News / Africa

Study Links Puberty Education, Attendance

A school classroom in the Asante region of Ghana (Jim Hecimovich for VOA).
A school classroom in the Asante region of Ghana (Jim Hecimovich for VOA).

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Joe DeCapua
Helping African teenage girls deal with puberty has the added benefit of increasing their attendance at school. A new study in the journal PLOS ONE says simple, low-cost interventions can have long-term positive results.


Oxford University Professor Paul Montgomery led the study of 120 teenage girls in secondary schools in Ghana.

“Women are the driving force of economic development across Africa. And so it’s particularly important to do what you can to keep girls going to school,” he said.

The study showed that the bodily changes brought on by puberty had a monthly effect on school attendance.

“Girls, as they approach puberty and go through it, have a kind of cyclical pattern to their attendance, and that gradually their attendance tails off in the main. And it looked quite a lot like a menstrual pattern. And in contrast, of course, the boys didn’t,” he said.

Montgomery said there were several reasons for the attendance drop-off.

“Embarrassment was a big part of it, certainly, and that was reported by well over half the girls. But ignorance, I think, was a very big part of it, too, and [they] just didn’t know what they were doing.”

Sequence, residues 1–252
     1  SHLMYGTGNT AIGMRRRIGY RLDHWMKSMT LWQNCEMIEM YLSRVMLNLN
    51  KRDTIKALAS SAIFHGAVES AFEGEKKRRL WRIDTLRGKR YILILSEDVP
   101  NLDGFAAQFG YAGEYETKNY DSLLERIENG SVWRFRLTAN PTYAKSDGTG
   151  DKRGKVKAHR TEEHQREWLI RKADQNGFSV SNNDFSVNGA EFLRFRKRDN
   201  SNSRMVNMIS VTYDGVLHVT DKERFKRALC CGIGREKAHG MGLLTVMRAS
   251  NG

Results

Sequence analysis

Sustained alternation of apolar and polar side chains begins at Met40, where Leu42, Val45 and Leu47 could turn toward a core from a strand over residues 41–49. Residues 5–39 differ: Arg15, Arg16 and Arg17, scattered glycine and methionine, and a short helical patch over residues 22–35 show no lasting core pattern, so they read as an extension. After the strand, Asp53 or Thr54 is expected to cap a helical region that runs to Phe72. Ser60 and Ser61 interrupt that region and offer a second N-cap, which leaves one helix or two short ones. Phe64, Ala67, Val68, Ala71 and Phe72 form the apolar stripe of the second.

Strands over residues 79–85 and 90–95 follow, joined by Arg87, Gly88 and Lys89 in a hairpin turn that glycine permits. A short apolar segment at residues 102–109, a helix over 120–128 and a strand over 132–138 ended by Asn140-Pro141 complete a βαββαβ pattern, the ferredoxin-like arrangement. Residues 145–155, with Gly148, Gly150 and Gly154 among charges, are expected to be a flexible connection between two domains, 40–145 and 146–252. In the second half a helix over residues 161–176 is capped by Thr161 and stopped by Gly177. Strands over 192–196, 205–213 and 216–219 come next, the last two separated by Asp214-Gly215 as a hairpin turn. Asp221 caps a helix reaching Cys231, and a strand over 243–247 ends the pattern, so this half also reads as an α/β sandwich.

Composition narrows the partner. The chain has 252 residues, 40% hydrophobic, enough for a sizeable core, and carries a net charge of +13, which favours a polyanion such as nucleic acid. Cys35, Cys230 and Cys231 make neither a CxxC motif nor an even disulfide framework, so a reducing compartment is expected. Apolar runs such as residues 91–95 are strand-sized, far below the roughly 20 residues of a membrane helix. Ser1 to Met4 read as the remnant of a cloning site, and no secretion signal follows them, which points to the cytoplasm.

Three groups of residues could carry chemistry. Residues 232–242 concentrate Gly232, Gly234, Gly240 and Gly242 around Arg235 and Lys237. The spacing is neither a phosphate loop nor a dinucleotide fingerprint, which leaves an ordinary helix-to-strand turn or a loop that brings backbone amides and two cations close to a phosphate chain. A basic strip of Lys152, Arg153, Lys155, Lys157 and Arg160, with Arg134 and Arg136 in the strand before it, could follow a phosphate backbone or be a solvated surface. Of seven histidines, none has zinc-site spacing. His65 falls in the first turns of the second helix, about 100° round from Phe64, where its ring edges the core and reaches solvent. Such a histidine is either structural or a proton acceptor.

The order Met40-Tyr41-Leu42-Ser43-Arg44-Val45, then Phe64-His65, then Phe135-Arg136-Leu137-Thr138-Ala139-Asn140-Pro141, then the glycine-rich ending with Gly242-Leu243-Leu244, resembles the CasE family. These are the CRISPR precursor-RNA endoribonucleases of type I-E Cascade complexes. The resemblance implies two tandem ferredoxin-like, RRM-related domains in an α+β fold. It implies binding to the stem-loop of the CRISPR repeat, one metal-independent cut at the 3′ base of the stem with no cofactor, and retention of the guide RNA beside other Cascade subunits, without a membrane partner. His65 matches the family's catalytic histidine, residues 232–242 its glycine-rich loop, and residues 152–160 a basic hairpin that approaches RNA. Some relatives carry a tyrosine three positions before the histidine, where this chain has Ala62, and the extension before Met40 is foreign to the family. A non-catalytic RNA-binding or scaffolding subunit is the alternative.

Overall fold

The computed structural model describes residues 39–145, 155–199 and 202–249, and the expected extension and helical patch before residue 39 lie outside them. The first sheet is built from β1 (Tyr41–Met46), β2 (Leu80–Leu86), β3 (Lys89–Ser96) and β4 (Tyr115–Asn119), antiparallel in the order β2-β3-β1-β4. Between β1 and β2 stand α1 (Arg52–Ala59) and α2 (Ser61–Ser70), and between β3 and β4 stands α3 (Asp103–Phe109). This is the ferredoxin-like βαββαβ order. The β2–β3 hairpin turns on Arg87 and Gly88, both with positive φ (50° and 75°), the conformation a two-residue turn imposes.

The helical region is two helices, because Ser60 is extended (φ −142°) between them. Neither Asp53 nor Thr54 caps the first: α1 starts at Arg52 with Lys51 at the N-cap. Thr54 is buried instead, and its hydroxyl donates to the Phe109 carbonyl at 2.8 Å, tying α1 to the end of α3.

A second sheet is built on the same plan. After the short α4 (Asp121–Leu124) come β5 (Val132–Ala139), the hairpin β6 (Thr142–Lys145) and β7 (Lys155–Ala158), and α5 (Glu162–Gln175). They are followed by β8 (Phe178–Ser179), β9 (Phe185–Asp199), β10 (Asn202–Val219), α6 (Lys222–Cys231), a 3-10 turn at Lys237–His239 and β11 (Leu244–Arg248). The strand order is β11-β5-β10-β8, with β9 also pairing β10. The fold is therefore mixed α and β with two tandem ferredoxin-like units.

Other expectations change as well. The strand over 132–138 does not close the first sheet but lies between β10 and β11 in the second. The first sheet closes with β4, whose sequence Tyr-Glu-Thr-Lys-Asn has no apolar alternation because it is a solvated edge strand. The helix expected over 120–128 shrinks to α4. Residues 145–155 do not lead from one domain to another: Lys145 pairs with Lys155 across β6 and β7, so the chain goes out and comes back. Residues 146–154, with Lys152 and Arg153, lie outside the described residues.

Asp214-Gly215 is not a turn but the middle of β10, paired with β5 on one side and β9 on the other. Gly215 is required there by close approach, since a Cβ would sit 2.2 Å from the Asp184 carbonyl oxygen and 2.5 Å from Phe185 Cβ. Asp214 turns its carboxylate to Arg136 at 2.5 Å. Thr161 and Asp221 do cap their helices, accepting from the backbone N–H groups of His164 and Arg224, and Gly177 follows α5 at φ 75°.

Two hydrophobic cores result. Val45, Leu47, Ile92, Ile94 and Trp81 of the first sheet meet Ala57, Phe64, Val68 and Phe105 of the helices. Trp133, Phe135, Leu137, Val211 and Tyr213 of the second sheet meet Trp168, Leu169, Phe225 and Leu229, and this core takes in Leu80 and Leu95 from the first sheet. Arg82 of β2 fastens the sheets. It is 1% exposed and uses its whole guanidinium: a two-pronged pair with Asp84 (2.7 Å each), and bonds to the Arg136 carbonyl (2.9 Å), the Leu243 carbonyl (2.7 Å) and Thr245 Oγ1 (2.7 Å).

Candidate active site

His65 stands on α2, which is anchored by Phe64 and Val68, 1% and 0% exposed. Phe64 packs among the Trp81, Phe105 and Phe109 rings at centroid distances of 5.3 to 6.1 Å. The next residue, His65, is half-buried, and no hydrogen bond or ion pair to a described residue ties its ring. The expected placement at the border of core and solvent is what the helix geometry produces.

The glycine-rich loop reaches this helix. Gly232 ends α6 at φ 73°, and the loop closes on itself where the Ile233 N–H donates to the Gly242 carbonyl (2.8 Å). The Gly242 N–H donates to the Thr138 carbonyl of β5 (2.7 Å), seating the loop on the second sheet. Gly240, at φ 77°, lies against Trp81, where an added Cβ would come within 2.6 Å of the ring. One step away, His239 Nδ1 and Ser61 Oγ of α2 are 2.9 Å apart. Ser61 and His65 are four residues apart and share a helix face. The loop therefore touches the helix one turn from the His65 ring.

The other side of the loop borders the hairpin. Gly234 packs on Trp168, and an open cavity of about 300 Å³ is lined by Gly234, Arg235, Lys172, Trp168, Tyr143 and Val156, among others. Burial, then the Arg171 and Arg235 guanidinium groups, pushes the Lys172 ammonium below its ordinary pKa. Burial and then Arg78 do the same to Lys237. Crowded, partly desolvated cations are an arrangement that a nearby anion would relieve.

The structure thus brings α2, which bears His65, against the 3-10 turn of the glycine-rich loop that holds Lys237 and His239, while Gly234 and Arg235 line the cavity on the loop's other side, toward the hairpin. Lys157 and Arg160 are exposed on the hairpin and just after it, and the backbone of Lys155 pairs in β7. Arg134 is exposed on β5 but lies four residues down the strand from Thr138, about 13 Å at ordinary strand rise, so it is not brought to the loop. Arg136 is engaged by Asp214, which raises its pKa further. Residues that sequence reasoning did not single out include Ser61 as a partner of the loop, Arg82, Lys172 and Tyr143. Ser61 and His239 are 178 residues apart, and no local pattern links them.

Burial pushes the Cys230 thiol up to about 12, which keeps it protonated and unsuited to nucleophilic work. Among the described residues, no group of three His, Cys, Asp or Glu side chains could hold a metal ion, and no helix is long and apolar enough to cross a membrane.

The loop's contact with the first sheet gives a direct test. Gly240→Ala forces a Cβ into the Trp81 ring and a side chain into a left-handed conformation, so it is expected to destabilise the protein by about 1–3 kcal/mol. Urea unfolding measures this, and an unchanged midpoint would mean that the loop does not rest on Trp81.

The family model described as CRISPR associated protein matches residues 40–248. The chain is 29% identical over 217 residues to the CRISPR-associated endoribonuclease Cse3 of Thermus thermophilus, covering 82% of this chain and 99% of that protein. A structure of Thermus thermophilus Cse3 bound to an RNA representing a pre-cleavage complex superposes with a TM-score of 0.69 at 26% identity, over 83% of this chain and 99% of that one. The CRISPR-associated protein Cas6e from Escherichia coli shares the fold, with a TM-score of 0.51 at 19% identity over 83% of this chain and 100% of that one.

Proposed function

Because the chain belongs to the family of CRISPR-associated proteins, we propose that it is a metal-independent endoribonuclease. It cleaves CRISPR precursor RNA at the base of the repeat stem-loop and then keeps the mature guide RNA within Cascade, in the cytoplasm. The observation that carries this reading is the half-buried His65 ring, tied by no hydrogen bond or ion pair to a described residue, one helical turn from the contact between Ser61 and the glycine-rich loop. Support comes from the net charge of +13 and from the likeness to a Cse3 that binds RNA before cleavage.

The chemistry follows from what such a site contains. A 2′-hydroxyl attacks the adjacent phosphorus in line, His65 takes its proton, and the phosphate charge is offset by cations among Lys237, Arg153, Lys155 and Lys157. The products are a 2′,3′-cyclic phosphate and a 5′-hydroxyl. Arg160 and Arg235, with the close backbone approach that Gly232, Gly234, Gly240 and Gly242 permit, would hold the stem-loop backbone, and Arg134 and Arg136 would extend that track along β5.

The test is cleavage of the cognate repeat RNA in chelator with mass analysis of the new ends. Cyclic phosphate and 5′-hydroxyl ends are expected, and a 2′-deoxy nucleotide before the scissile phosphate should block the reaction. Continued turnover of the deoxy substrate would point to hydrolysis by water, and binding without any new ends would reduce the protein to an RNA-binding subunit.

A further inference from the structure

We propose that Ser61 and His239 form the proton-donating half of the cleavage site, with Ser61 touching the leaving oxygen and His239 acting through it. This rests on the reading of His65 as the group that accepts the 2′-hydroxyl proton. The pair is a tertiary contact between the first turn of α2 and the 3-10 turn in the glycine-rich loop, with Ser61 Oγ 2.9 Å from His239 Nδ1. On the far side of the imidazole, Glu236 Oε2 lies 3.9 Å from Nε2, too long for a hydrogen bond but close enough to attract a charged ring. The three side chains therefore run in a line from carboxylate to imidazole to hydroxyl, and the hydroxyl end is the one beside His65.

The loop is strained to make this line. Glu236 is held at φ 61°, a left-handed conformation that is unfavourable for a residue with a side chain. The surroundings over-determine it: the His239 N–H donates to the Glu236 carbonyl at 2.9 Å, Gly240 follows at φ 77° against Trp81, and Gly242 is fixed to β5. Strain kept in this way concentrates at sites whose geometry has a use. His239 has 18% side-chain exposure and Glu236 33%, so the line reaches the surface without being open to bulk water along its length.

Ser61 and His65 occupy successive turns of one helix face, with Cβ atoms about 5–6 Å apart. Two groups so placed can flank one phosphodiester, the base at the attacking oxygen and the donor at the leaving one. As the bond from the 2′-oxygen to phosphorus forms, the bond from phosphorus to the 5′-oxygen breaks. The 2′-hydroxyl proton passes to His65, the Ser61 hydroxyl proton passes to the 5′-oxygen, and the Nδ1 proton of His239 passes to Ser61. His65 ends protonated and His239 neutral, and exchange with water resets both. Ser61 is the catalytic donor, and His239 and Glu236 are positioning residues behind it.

In the study, girls in one group received free sanitary pads and lessons on puberty. Their attendance increased by six days over a 65 day term. But the study showed that a second group who did not receive the pads, but did receive the lessons, had a similar increase after about five months. Researchers are not quite sure why yet. They’re hoping to find out in a much larger study now underway in Uganda that will last until 2015.

“So, we already know that education’s important. We know the pads are important. We know that both are important. And we’ll be able to separate out these key issues, and then be able to give some really strong advice for development officers as far as sub-Saharan Africa is concerned,” he said.

The Ghana study showed that teenage girls who did not receive any intervention showed no improvement in school attendance.

Montgomery described the implications of the study as profound.

“I think one of the things menstruation does is that it signals the onset of the girl transitioning into womanhood. And that in turn, I think, sets them up to get pregnant. So I think we’ll be able to help reduce the onset of teen pregnancy, improve their entering the labor market and the economic development of those women,” he said.

He said other research has shown that ensuring education for girls helps lower a country’s population growth, which can contribute to “economic well-being and social stability.”

Montgomery added that African governments have been very receptive to the study’s findings and want to implement the recommendations. Without donor funding, however, the cost would come from either the health or education budget. The Oxford professor said some of the cost could be covered by sanitary pad manufacturers from profits they make in countries such as the United States.

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